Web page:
Tuesday, July 29, 2014


Label: MPS Records – MPS 15274
Format: Vinyl, LP; Country: Germany - Released: 1970
Style: Free Jazz
Recorded March 23rd, 1970 Walldorf Studio, Frankfurt, Germany.
Engineer – Torsten Wintermeier
Producer – Joachim Ernst Berendt
Fotos by Inge Werth, cover and graphic work by Günter Kieser

A1 - Wide Open . . . 3:45
A2 - Never Let It End . . . 9:48
A3 - Certain Beauty . . . 9:14
B1 - The 13th Color . . . 6:54
B2 - Open Mind . . . 4:17
B3 - Roitz And Spring . . . 7:14
B4 – Nachwort . . . 1:50

Albert Mangelsdorff – trombone
Heinz Sauer – saxophone (tenor, alto)
Günter Lenz – bass
Ralf Hübner – drums, percussion

Jazz in Germany – the 60s/70s

The music critic and producer Joachim-Ernst Berendt took an eminent position at this time, influencing German jazz mainly in the 1960s and 1970s. Without him, neither the European Free Jazz, even as individual musicians like Mangelsdorff, Doldinger and others, would have gained the importance that they have for the German jazz today. Berendt was the first and only global player of the jazz critics and producers of the German jazz scene, who introduced jazz from Germany abroad.

The best-known jazz groups in West Germany were the quintets of Albert Mangelsdorff (with Heinz Sauer and Günter Kronberg), Michael Naura (with Wolfgang Schlüter), and the quartet of Klaus Doldinger (with Ingfried Hoffmann.) Innovators were also the Lauth Wolfgang quartet (with Fritz Hartschuh) and the trio of Wolfgang Dauner (with Eberhard Weber and Fred Braceful). Musically there was a deliberate but careful delineation of the American model. With their growing popularity, Doldinger and Mangelsdorff could also perform abroad and publish records. Naura had to retire from active life as a musician because of illness, and later became an editor of the Jazz part of the NDR (Northern German Broadcast). For the GDR, the Manfred Ludwig sextet has to be mentioned,originally for a long time the only band, which turned to the style of modern jazz.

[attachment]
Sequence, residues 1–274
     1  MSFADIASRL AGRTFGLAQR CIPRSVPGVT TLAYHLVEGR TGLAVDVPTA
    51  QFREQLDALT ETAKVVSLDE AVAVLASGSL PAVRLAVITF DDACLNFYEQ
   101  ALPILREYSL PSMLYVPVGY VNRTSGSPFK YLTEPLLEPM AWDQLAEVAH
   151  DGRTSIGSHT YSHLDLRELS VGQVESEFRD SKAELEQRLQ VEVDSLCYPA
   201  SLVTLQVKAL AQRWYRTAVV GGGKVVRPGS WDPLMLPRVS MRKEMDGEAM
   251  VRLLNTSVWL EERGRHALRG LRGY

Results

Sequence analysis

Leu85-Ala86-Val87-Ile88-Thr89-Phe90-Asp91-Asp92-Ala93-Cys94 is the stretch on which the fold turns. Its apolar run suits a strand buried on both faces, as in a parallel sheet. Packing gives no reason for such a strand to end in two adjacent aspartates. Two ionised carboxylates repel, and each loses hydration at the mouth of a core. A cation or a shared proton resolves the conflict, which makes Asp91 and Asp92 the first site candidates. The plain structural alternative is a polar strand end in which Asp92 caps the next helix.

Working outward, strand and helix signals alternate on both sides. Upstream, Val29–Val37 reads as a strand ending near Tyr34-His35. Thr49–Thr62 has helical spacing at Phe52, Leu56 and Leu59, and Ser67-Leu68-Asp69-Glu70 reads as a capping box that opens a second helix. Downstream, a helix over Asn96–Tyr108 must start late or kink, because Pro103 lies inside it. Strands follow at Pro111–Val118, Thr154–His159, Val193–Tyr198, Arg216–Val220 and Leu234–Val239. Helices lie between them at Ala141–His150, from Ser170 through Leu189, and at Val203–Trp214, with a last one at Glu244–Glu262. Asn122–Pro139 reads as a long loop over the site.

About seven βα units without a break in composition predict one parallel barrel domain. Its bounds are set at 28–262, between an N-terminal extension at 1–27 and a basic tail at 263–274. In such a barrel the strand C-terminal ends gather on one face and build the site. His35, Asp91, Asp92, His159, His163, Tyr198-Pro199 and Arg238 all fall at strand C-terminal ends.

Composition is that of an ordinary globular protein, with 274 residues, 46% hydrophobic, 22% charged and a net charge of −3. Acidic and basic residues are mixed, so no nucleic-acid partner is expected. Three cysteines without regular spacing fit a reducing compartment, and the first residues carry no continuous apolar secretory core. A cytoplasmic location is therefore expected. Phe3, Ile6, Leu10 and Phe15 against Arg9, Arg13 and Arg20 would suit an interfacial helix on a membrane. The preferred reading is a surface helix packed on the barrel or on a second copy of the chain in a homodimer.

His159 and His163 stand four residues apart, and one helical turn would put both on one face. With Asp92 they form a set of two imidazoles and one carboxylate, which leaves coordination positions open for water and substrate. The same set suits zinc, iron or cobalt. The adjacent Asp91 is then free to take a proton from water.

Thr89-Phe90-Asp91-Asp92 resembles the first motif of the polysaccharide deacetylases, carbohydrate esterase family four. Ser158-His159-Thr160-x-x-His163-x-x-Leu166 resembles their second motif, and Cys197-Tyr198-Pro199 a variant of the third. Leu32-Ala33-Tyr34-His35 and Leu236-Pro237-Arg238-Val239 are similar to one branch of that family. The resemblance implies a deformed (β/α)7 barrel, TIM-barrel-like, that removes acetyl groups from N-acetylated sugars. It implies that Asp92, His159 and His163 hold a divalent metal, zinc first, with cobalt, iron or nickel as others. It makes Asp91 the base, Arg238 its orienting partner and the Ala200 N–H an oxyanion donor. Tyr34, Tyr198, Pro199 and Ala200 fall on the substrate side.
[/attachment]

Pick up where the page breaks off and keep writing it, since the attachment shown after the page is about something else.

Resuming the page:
In 1965, the quintet of Gunter Hampel, a moderate Free Jazz maintainer, with musicians such as Manfred Schoof, Alexander von Schlippenbach, Buschi Niebergall and Pierre Courbois, arrived on the German jazz scene and performed many concerts in the "province". Free jazz, without compromises, could be heard from the Manfred Schoof quintet (Voices) and an octet by Peter Brötzmann (Machine Gun). Especially in the smaller towns of western Germany, jazz music clubs disappeared with the advent of the Beat. From the mid-1960s on, in the GDR, the trio of Joachim Kühn (who migrated to the West in 1966), Friedhelm Schönfeld, and Manfred Schulze found their own ways into free jazz.

Label: MPS Records – 21 21746-9, BASF – 21 21746-9
Format: Vinyl, LP; Country: Germany - Released: 1973
Style: Free Jazz
Recorded September and December 1972 at Walldorf-Studio, Frankfurt/M.
Design [Cover Design] – Günter Kieser
Liner Notes – Claus Schreiner
Photography By – Ralph-B. Quinke
Producer – MPS Records

A1 - Wobbling Notes And Fluted Crackle . . . 14:18
A2 - Grive Musicienne . . . 5:42
B1 - Birds Of Underground . . . 11:37
B2 - Xenobiosis . . . 11:42

Albert Mangelsdorff – trombone
Heinz Sauer – alto saxophone, tenor saxophone
Gerd Dudek – tenor/sopran saxophone, flute
Buschi Niebergall – bass
Peter Giger – drums, percussion

The 1970s were marked by the globalization and commercialization of the German jazz world. Jazz was combined with various other music genres. Successful jazz musicians such as Klaus Doldinger, Volker Kriegel and the United Jazz and Rock Ensemble followed this trend in the direction of rock music in West Germany. At the same time, younger musicians like Herbert Joos, Alfred Harth and Theo Jörgensmann garnered public acknowledgment and aroused the attention of the jazz scene with their music. It is noteworthy that the German musicians achieved an acceptance with the local audience on par with American jazz musicians. For example, the Theo Jörgensmann quartet, an avant-garde jazz group, was even in the Best-of Lists of Popular Music in the Music-Yearbook Rock Session. At the same time the German record labels FMP, ECM and ENJA established in the market. Also acoustic-romantic performances by Joachim Kühn and other pianists like Rainer Brüninghaus came into fashion. In Moers and other West German towns, festivals were held that focused on these new developments in jazz.

In the 1970s, scholastic learning of jazz was also achieved in West Germany. The annual summer course at the Akademie Remscheid (Remscheid Academy) was very popular among young jazz musicians. There is hardly a professional jazz musician, born between 1940 and 1960, who did not attend this course as a student or teacher.